Caltech Neuroscientists Pinpoint Specific Social Difficulties in People with Autism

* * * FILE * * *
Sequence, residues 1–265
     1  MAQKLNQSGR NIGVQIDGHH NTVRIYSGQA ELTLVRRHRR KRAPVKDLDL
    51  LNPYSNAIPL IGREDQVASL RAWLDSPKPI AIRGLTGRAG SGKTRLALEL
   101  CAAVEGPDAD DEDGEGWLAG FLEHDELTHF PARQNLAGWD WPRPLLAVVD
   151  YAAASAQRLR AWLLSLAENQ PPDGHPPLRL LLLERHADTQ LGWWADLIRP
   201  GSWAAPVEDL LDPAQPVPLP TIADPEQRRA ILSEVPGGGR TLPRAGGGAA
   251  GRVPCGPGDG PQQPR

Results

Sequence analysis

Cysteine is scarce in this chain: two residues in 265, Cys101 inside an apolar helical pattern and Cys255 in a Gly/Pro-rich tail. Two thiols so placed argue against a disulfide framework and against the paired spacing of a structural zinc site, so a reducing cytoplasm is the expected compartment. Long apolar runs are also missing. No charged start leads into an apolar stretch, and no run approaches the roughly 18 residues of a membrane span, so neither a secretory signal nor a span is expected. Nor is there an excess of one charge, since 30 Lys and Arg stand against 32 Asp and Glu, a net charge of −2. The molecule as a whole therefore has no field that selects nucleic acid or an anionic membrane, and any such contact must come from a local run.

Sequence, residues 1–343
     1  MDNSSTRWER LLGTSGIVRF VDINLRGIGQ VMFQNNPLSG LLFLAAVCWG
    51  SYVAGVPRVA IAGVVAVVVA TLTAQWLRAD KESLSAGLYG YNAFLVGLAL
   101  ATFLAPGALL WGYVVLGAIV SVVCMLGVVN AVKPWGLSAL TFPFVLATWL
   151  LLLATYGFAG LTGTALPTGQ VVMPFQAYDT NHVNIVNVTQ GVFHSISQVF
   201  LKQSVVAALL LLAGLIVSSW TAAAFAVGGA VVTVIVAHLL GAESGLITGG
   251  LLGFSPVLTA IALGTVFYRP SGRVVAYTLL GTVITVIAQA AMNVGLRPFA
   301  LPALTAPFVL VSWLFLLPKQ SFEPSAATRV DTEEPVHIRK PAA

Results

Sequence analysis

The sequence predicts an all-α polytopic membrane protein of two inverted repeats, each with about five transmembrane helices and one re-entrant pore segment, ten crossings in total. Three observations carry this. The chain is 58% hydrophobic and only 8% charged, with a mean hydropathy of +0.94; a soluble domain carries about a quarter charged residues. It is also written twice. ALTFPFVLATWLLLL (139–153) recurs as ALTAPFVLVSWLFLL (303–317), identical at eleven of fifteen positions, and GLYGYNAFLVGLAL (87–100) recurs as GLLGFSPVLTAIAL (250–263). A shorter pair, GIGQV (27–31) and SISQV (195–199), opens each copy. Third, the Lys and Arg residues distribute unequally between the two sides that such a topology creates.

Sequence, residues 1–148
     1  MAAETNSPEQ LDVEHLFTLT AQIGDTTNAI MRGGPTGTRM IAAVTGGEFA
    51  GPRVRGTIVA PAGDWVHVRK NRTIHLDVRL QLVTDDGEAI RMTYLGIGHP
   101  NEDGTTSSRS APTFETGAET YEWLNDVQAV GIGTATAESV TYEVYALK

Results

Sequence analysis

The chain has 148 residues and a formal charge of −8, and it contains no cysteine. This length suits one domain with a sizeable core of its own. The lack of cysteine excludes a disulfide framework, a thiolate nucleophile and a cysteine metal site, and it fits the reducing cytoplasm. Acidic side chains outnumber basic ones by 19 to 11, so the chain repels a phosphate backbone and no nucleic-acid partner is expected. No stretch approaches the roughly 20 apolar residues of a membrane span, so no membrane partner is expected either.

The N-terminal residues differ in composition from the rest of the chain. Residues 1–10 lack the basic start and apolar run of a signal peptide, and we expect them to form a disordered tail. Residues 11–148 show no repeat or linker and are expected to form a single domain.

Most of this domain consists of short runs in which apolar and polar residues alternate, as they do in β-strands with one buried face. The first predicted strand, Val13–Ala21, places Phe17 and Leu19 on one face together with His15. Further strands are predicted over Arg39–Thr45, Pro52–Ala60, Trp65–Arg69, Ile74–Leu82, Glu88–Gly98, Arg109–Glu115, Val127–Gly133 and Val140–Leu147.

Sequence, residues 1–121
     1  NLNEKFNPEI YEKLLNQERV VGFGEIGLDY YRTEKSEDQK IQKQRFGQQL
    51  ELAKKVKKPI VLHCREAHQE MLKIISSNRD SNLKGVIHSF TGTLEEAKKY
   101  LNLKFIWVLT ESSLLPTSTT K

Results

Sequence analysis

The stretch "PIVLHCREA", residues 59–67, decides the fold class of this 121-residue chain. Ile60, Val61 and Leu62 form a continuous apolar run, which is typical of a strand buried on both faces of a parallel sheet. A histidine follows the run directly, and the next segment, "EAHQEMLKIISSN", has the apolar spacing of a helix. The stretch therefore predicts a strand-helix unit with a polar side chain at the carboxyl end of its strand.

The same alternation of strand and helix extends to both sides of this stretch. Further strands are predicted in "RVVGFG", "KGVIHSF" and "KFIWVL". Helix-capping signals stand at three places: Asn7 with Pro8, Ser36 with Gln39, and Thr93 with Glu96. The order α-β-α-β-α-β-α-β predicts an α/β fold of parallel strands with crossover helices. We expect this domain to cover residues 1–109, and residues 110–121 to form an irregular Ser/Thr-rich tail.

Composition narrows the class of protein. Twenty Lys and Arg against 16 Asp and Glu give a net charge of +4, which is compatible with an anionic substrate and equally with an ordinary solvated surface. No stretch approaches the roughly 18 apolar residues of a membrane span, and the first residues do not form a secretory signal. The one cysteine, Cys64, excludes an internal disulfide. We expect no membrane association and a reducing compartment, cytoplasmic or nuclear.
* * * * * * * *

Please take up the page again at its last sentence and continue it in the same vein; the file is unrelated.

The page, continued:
"What we found in control participants—people without autism—basically replicated prior work. People donated more when they were being watched by another person, presumably to improve their social reputation," explains Keise Izuma, a postdoctoral scholar at Caltech and first author on the study. "By contrast, participants with autism gave the same amount of money regardless of whether they were being watched or not. The effect was extremely clear."

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